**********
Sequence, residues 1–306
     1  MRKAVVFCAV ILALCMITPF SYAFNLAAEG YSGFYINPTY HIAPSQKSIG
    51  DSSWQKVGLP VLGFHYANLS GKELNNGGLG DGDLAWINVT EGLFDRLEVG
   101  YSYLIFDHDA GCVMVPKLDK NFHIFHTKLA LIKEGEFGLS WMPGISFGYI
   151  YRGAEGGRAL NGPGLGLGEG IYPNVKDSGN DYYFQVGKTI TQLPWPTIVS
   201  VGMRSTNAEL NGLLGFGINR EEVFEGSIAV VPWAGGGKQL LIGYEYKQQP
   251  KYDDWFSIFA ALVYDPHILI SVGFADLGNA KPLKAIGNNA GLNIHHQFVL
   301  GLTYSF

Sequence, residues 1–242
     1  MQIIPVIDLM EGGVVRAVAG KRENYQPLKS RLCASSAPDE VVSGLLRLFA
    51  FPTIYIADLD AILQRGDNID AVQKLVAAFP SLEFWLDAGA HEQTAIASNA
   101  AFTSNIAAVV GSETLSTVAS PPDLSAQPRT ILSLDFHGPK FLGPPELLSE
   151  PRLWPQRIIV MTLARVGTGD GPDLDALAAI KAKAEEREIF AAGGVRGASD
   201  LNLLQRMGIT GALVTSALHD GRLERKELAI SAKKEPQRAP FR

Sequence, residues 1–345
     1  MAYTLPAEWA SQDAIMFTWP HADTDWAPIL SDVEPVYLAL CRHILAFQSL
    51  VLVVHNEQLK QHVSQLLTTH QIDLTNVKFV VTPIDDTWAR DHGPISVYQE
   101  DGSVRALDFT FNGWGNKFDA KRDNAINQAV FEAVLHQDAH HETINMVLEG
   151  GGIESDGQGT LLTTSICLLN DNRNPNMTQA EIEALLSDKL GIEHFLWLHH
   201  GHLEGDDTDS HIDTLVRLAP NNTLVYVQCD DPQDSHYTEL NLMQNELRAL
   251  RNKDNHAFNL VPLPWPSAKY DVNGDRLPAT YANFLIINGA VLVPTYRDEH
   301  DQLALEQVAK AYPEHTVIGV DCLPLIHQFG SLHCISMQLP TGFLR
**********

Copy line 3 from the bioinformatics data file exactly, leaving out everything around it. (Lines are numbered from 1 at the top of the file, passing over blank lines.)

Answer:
    51  DSSWQKVGLP VLGFHYANLS GKELNNGGLG DGDLAWINVT EGLFDRLEVG